Sunday, April 17, 2011

NUCLEAR POWER PLANT DISMANTLED, 1986, by 200 worker at Shippingport, PA. under ideal conditions. Fukushima Nuclear Power Plant working conditions are far from ideal

April 18, 2011 UPDATE at bottom


SHIPPINGPORT, Pa.— PIECE by laborious piece, about 200 workers here are taking apart a nuclear power plant in a project that could affect the price of electricity throughout the country and the financial health of most major utilities.

In the process, the Shippingport Atomic Power Station, the world's first commercial nuclear generating facility, has become a radioactive classroom, a demonstration of the technological and economic feasibility of what is sometimes called ''nuclear power's missing link.''

Disassembling the reactor is a milestone in the atomic age - ''the capstone of the nuclear fuel cycle,'' said Cynthia Pollock, a researcher for Worldwatch, a nonprofit institute that studies the use of resources and energy. ''Most people have never thought about the idea that nuclear plants wear out - far less that they're contaminated. You can't just let plants sit forever.''

When the work is finished, the plant's seven-acre site on the south bank of the Ohio River 25 miles northwest of Pittsburgh is to be restored to a grassy knoll suitable for any purpose including, say, a playground or a school.


Bechtel International, the construction company, recently bid $104 million to disassemble a new, never used and therefore uncontaminated plant in Zwentendorf, Austria. Both critics and proponents of nuclear power acknowledge it will be much more expensive to take apart contaminated plants.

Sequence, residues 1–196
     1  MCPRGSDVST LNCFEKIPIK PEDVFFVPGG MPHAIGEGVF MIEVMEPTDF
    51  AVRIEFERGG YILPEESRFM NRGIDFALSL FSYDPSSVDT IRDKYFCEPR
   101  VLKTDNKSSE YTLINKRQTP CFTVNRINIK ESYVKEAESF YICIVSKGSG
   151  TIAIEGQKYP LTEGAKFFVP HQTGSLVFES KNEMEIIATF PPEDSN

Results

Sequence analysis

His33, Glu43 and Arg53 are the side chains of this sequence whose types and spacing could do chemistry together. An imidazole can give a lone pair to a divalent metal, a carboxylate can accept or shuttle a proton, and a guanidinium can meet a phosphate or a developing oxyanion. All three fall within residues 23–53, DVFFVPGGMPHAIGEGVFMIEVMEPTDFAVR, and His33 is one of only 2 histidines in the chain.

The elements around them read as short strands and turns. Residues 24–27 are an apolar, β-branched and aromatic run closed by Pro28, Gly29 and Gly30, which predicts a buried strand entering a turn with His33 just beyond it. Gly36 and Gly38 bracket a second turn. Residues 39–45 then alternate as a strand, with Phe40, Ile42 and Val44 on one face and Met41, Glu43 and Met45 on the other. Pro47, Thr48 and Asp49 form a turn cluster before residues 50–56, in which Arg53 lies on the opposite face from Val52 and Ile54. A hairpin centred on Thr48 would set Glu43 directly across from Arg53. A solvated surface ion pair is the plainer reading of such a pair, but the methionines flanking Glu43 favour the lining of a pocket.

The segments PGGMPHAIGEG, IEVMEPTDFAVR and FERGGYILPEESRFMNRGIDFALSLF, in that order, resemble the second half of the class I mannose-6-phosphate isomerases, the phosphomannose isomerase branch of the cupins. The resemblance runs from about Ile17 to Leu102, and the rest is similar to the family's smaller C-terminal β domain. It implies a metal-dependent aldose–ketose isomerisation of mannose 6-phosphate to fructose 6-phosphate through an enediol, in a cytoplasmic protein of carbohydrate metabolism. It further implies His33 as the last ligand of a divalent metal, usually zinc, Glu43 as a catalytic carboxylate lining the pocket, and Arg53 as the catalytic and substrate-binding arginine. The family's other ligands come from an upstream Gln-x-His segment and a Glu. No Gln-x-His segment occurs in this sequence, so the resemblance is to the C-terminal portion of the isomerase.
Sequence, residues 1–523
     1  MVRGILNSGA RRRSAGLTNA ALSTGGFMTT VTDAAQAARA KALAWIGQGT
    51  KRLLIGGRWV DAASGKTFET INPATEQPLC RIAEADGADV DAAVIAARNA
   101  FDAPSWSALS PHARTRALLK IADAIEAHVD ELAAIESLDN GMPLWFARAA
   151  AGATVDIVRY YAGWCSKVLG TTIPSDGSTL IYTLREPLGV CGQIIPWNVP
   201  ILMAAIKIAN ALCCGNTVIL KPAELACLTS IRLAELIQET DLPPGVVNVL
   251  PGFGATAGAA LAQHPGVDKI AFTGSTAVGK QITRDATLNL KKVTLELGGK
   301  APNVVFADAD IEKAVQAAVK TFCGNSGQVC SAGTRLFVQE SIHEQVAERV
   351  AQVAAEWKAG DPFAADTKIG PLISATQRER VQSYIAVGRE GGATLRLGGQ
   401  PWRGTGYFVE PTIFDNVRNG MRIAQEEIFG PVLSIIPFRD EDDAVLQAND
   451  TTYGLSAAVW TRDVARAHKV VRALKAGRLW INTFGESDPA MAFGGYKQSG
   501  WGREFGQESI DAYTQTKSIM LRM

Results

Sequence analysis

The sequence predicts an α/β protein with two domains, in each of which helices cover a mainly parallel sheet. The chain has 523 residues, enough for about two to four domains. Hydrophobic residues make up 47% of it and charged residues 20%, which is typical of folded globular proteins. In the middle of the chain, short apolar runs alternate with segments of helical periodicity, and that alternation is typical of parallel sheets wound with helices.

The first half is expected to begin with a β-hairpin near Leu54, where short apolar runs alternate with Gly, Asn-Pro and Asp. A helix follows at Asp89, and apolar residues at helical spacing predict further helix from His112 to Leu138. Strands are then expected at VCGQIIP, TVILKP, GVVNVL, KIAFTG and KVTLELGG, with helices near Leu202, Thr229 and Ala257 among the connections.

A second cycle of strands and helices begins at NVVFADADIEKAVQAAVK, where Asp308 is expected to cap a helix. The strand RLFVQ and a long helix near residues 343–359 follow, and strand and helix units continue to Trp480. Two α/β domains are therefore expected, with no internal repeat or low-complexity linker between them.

Many states have started pressing utilities to set aside millions of dollars to finance the dismantling of their plants. But how much the utilities should set aside and who should provide the money are hotly debated.
Utilities now have three options for retiring reactors: mothballing, entombing and dismantling. Non-nuclear power plants can be demolished as cheaply and easily as any other structure. But large portions of nuclear plants become contaminated by radioactivity, which lasts for centuries. They therefore require careful treatment, even after they are retired.

Mothballing involves removing the fuel as well as guarding the structures and monitoring radiation. Initially, it is quite cheap. Since the plant remains radioactive for centuries, however, the continuing security and monitoring could make it more expensive than the other options, according to a study by the Atomic Industrial Forum, a lobbying group for the industry. In addition, it just postpones dismantling until a later day.

Entombment entails removing the fuel and covering the structure in a thick mantle of concrete. This is the option selected by the Soviet Union for the reactor destroyed in the Chernobyl accident. Entombment has many of the same advantages as mothballing, but the process exposes more workers to radiation. Since the Nuclear Regulatory Commission has not approved entombment as a long-term decommissioning option, it is a temporary solution.